“Sometimes,” I said, admitting it makes me feel like a fraud to say I’m from a city where I didn’t even go to high school.

“You know, I think all this has made you grow up faster than everyone else around you,” she told me. You don’t have the luxuries a lot of your friends have related to home, she said.

She’s right — I can’t run to my family when something goes wrong; I can’t even call my mom sometimes because the hour time difference means she’ll be asleep. I see my parents twice a semester, my brother once every four months; we never spend our birthdays together.

My roommates’ parents come to stay every two weeks. I long to be able to do that.

I am 19 years old, sitting on my porch in Atlanta with my family, trying to hide angry tears.

I barely hear as my parents tell my brother and me we will lose the home I thought we had, the one I was finally comfortable with. My parents tell us as soon as they find out, sitting us down for what they always call a “family meeting.” At first I think they’re playing a cruel joke. They’re not.

My family will move back to Dallas next year, in summer 2018, the week after my brother graduates high school. Atlanta is a city full of music and festivals and art and beauty, a city I was excited to know more of. Dallas has nothing left for me.

My initial reaction to the news is terrible, then my mother reminds me of my reaction to the same news two years ago. She reminds me how terrible I was to everyone then, how she thought I’d grown, how she thought I would be able to react better this time. And I should be able to, so I pull myself together by the end of the weekend.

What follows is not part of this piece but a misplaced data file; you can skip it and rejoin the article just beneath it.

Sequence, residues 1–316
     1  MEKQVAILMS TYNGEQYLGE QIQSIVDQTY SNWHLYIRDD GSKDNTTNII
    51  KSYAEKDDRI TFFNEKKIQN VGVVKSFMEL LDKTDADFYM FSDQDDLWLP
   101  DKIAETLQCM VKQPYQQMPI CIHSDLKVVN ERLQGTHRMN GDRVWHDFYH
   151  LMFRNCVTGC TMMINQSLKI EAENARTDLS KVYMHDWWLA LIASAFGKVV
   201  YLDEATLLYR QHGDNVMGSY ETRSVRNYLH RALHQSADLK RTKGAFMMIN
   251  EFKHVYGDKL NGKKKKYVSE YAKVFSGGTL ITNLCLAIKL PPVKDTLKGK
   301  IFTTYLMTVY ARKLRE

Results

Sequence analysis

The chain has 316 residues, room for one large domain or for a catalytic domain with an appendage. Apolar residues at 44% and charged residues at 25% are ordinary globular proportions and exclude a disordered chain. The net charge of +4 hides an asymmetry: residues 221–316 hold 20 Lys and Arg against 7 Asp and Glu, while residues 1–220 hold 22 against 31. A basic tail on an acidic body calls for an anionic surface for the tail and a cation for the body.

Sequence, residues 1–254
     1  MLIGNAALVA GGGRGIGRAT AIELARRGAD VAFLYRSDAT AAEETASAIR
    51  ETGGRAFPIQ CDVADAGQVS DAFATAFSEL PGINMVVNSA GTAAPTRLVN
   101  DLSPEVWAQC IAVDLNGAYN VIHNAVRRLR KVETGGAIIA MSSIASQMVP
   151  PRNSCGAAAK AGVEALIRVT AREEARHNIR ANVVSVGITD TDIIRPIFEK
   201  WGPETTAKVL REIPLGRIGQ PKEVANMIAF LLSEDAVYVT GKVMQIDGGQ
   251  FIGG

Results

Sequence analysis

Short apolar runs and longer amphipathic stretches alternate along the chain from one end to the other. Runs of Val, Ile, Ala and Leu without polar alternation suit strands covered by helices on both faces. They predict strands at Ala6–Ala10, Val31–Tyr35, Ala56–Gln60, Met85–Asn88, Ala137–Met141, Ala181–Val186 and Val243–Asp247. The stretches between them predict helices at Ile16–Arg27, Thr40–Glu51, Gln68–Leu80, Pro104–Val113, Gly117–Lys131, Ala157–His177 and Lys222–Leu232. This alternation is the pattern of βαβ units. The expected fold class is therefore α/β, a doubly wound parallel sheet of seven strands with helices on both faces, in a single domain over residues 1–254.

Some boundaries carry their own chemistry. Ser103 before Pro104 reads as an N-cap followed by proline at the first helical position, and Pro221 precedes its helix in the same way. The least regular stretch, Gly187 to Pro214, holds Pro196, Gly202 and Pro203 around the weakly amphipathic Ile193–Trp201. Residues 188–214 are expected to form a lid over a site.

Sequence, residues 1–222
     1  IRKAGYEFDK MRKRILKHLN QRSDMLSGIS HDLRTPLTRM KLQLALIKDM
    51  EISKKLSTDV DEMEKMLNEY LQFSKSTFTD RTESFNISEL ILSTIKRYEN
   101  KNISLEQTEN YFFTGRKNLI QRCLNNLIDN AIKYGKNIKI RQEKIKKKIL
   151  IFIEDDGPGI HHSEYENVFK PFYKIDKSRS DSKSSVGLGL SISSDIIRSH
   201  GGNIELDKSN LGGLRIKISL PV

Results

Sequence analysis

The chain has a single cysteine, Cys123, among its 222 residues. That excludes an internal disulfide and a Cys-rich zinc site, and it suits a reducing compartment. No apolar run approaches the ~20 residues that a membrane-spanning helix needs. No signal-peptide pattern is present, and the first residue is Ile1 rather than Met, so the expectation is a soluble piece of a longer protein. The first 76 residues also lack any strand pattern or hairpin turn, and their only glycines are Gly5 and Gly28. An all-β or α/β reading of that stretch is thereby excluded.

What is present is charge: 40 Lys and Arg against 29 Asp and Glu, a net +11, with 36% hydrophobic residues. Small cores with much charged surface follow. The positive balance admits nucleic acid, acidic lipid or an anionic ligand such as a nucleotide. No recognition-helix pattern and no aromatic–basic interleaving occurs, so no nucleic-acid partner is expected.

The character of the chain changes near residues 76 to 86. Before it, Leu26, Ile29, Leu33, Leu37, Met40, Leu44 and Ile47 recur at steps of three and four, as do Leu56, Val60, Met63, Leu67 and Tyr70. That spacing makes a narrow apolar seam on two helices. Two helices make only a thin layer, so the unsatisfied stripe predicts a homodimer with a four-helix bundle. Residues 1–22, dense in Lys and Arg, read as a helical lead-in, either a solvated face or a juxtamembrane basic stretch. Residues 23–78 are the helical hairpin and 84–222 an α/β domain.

And I savor my summer with my family and in my city. I go camping with my brother along the Appalachian Trail and floating down the Chattahoochee River two miles from our house; I go to every single weekend art fair in the city with my parents. I go to the art museum and walk around Midtown and visit coffee shops by myself, soaking in the city.

This is my last summer here, and I am making the most of my love for a city that will soon slip away from me.

I am 20 years old, hoping home feels closer soon.

That place has always been hazy in my mind, so I’ve formed my own.

Some people have strong ties to the place they’re from, the state or the city or the tiny town that raised them like a family member.

Places change. Two decades and six cities in, I’ve come to understand my home is the people I love and who love me.

One part of my home moved to New York City a few weeks ago; three members of my home are, for now, in a suburb of Atlanta. Dozens of pieces of my home roam my campus every day, drawing me back to the things that matter.

Am I always content with home? No. When I’m in Norman, I want to be in Atlanta; when I’m in Atlanta, I want to be in Dallas. I am just a fickle human, changing daily.

Two years ago, when I went to college, I wanted nothing more than to get away from my family after spending an entire summer with no one but them.

Now, change and time have made me grow into my love for my family. The ones I love are home in that they anchor me, give me something constant to turn back to, give me love to run to.